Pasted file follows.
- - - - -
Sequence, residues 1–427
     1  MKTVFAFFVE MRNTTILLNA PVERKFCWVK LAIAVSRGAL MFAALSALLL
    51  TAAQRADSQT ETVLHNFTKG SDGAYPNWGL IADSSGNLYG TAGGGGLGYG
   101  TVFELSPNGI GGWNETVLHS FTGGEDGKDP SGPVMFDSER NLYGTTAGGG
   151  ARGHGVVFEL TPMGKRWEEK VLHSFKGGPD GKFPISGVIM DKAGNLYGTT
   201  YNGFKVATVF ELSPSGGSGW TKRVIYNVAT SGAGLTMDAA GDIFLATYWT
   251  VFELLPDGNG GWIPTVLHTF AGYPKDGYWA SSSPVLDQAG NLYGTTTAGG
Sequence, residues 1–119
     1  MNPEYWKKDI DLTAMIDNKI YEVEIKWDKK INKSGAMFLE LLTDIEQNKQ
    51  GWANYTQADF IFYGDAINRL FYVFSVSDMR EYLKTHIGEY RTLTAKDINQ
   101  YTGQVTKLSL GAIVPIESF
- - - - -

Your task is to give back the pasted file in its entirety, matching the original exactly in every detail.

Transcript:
Sequence, residues 1–427
     1  MKTVFAFFVE MRNTTILLNA PVERKFCWVK LAIAVSRGAL MFAALSALLL
    51  TAAQRADSQT ETVLHNFTKG SDGAYPNWGL IADSSGNLYG TAGGGGLGYG
   101  TVFELSPNGI GGWNETVLHS FTGGEDGKDP SGPVMFDSER NLYGTTAGGG
   151  ARGHGVVFEL TPMGKRWEEK VLHSFKGGPD GKFPISGVIM DKAGNLYGTT
   201  YNGFKVATVF ELSPSGGSGW TKRVIYNVAT SGAGLTMDAA GDIFLATYWT
   251  VFELLPDGNG GWIPTVLHTF AGYPKDGYWA SSSPVLDQAG NLYGTTTAGG
Sequence, residues 1–119
     1  MNPEYWKKDI DLTAMIDNKI YEVEIKWDKK INKSGAMFLE LLTDIEQNKQ
    51  GWANYTQADF IFYGDAINRL FYVFSVSDMR EYLKTHIGEY RTLTAKDINQ
   101  YTGQVTKLSL GAIVPIESF